Just ahead, deep shadows had gathered behind Badger's place hiding the delivery entrance from sight. A glint of light in the darkness--a reflection from the parking lot lights across the alley--drew me to the fire escape's ladder. Using the planter wall as a launching platform, I ran up it and kicked off toward the lowest rung letting my hiking staff fall. Reaching up, my fingers caught a hold of the painted metal and I tightened my grip. My momentum carried my legs forward straining my grip.
"Damn it!" My right hand pulled free. I twisted, nearly losing grip with my left hand. I windmilled my right arm to get my body to twist back. Slowly, I turned far enough to get both hands on the rung again--just in time too, as I was starting to lose grip with my other hand. I monkeyed up the ladder until I could get my feet up to the bottom rung.
"Just like high school." I noted to myself as I climbed up the ladder. I clambered up to the second floor and tucked in next to the window. I remembered coming up here with Badger's brother, Doug. Their dad hated us using the fire escape to get into their apartment above the shop. Badger usually ratted us out to their dad. He was a jerk back then too.
I settled against the brick and tried to gather my thoughts. The "Devils" gang were after me. The cops were following me too. I am single and live alone in the house my grandma left me. My job as a support desk technician was boring, or at least that's what Ed, my neighbor, tells me. Most of my friends lived about twenty miles away and lead similar lives. My collection of paperback books and roleplaying games wasn't valuable to anyone other than geeks like me. My fridge has three different kinds of mustard, half a bottle of Coke, some tortillas, a partial bucket of leftover fried chicken, and some bleu cheese. Well, maybe it's simply blue. I didn't have much of value outside of my backpack and laptop.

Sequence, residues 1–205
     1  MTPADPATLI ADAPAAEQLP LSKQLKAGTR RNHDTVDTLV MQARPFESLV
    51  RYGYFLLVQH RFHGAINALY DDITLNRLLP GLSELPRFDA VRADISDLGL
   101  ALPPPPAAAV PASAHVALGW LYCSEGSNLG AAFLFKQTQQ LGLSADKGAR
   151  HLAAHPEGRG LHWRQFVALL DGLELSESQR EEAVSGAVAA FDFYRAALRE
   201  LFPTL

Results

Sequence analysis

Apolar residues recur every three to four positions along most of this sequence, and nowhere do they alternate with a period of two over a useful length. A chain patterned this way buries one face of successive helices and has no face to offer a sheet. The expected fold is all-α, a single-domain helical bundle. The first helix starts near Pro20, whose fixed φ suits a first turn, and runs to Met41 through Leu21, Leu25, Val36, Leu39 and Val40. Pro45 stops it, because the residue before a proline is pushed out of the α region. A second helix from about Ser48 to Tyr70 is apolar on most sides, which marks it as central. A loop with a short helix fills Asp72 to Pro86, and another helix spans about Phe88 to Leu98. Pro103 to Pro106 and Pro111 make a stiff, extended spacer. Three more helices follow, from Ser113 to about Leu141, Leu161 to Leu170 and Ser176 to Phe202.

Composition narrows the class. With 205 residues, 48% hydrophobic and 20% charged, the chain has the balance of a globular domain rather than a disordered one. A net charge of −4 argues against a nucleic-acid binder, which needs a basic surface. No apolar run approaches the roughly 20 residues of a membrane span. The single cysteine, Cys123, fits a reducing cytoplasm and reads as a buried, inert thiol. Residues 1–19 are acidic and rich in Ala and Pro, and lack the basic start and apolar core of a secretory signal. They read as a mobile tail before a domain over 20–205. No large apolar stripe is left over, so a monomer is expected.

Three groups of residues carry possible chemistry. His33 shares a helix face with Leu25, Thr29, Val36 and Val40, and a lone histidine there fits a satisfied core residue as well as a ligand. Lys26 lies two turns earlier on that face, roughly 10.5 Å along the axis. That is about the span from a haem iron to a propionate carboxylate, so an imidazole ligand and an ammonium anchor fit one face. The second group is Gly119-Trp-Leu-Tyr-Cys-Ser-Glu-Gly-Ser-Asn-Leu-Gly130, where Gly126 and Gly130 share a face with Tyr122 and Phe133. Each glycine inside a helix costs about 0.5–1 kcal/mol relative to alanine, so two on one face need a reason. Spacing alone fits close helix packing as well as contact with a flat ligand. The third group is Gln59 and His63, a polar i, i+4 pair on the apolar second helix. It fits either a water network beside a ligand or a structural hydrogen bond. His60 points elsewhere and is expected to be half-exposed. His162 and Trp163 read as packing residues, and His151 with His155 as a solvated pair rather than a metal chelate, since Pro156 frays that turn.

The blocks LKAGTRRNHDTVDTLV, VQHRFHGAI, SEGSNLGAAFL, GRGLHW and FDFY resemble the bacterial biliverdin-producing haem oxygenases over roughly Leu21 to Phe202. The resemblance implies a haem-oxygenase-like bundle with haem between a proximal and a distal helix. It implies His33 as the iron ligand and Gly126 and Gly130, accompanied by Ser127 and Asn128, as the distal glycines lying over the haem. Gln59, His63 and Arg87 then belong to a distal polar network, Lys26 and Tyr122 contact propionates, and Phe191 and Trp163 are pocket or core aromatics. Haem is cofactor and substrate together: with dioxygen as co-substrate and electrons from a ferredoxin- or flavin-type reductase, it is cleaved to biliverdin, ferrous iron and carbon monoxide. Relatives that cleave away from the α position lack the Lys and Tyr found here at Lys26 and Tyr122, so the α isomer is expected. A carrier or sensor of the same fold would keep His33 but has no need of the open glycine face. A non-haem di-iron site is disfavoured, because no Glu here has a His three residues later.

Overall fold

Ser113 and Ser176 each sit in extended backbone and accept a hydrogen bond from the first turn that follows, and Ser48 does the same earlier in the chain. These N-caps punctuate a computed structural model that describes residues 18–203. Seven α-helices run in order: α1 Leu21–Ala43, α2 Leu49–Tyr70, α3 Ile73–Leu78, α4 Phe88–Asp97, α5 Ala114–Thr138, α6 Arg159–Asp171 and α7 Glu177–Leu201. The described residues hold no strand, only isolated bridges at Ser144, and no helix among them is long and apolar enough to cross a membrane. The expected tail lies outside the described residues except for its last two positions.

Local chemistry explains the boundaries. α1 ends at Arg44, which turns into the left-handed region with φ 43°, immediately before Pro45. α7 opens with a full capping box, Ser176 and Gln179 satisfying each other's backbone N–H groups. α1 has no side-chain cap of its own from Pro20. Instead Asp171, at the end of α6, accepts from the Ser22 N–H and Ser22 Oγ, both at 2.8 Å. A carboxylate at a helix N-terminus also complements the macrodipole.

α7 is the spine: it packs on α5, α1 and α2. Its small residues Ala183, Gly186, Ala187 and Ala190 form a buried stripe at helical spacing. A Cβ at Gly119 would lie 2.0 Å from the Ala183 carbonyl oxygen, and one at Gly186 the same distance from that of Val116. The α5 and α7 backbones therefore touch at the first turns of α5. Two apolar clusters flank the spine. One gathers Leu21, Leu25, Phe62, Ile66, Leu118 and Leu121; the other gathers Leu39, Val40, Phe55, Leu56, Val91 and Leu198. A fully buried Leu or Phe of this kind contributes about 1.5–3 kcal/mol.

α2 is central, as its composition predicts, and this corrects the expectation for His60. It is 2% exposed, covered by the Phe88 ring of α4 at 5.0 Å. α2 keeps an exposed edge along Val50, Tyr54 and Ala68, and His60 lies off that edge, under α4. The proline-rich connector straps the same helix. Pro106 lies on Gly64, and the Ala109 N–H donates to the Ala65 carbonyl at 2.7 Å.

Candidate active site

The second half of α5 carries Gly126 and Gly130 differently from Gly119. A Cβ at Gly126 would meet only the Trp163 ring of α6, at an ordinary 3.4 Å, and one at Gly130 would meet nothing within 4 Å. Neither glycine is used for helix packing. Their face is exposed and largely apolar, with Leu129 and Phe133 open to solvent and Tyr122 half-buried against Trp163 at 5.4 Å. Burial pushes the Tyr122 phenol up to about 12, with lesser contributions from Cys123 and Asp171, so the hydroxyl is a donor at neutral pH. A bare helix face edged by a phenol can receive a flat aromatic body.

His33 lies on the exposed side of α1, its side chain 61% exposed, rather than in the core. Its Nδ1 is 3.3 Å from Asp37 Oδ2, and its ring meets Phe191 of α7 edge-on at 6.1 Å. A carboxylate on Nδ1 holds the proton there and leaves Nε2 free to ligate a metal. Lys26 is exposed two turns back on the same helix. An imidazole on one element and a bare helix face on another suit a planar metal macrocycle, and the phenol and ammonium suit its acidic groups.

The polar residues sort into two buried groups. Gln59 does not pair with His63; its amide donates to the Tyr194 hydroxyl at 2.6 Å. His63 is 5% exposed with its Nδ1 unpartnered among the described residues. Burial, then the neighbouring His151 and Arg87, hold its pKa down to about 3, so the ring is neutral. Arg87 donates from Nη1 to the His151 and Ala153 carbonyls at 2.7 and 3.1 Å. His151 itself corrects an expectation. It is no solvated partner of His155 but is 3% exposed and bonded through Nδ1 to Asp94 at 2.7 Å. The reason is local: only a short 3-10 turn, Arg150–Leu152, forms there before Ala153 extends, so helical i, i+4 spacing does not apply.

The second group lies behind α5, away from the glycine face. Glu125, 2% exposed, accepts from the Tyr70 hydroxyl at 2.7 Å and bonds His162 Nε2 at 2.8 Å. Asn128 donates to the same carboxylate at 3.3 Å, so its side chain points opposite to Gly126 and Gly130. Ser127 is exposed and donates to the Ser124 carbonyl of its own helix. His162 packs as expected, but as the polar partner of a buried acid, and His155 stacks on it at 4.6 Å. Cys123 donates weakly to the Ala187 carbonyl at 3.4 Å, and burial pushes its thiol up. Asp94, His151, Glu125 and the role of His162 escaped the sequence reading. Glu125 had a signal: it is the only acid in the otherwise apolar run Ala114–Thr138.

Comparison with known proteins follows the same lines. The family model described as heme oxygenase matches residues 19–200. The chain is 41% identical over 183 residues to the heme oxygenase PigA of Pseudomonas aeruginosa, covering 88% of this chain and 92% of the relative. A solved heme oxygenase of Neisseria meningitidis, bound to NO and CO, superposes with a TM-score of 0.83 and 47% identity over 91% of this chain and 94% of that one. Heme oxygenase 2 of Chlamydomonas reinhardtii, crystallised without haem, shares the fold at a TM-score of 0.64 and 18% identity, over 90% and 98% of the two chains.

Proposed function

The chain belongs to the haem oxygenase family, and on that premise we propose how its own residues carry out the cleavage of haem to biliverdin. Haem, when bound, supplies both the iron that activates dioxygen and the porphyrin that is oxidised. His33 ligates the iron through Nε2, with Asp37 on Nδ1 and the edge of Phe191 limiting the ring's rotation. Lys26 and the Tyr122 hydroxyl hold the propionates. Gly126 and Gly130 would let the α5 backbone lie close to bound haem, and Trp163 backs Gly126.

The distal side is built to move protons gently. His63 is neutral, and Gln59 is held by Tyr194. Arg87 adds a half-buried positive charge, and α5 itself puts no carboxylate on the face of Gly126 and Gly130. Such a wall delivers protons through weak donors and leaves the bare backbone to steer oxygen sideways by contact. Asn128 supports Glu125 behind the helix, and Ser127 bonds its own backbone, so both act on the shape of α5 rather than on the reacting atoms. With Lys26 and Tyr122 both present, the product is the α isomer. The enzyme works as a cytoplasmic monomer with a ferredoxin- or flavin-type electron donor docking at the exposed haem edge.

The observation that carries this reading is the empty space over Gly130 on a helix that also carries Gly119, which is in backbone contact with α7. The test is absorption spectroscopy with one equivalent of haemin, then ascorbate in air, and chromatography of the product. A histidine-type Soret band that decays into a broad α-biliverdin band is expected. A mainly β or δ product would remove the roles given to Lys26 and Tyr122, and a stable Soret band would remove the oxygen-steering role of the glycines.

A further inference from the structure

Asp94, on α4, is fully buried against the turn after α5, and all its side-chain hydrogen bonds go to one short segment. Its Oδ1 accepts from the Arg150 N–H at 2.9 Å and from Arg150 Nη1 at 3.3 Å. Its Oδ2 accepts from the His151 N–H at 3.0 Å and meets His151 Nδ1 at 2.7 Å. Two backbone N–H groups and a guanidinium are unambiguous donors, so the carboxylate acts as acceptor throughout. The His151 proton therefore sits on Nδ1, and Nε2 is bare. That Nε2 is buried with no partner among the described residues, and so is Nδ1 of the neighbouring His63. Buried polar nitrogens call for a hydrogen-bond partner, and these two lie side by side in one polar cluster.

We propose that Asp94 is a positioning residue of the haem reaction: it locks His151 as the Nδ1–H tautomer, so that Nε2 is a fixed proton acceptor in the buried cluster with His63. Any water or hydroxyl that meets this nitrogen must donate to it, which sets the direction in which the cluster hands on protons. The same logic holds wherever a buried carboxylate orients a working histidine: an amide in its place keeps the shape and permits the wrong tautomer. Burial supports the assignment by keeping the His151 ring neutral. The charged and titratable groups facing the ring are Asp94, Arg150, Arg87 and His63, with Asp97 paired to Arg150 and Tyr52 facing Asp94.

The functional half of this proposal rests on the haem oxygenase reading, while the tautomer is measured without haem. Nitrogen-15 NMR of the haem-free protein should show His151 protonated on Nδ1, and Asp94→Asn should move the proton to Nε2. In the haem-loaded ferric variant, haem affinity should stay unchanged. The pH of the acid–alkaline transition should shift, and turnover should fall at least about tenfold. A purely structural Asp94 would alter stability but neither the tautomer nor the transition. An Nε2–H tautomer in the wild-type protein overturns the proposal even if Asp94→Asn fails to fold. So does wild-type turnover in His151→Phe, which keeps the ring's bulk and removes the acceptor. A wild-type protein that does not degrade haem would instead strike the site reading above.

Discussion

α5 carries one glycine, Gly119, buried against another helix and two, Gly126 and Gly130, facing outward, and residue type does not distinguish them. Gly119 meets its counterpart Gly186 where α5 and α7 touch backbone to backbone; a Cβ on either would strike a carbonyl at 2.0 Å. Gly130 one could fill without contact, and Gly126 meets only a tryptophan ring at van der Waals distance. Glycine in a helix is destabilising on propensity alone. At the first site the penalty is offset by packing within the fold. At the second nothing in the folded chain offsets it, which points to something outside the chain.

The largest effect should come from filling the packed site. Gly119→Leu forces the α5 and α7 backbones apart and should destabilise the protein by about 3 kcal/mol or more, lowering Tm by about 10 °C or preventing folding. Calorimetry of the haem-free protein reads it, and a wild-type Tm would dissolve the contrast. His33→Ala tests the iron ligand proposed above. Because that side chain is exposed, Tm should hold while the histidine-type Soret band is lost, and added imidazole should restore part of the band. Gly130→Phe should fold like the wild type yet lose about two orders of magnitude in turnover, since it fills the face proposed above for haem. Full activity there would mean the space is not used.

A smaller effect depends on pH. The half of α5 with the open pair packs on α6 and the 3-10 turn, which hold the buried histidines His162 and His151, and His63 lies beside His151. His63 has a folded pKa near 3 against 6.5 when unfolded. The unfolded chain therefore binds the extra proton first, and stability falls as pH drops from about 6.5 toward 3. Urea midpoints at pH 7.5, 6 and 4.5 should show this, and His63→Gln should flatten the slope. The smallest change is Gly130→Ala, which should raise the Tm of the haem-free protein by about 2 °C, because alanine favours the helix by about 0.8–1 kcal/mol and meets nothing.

There was that side job I did for Amy in customer service a couple of weeks ago. She needed me to repair her laptop hard drive. After doing the work, she said she would pay me after we got paid. She didn't show up for work after that and I thought she went back to Denver to help her sister take care of their mother. I should have figured that story was a lie. Who skips out on almost two weeks of pay? I had a copy of her hard drive in my pack on my external drive just in case she showed up looking for it again.
This spot, sitting on a fire escape ten feet off the ground with the Devils chasing me, was not the place to fire up the laptop to go mining for valuable data.
Coming out of my self-reflection, I listened for the booming of the street racer's stereo. I couldn't hear that noise or the whining of it's exhaust. I took the risk and climbed down the ladder. My backpack and laptop bag pulling me down faster than I cared to go.
Landing again on the back entryway, I turned toward the rear entrance to the liquor shop.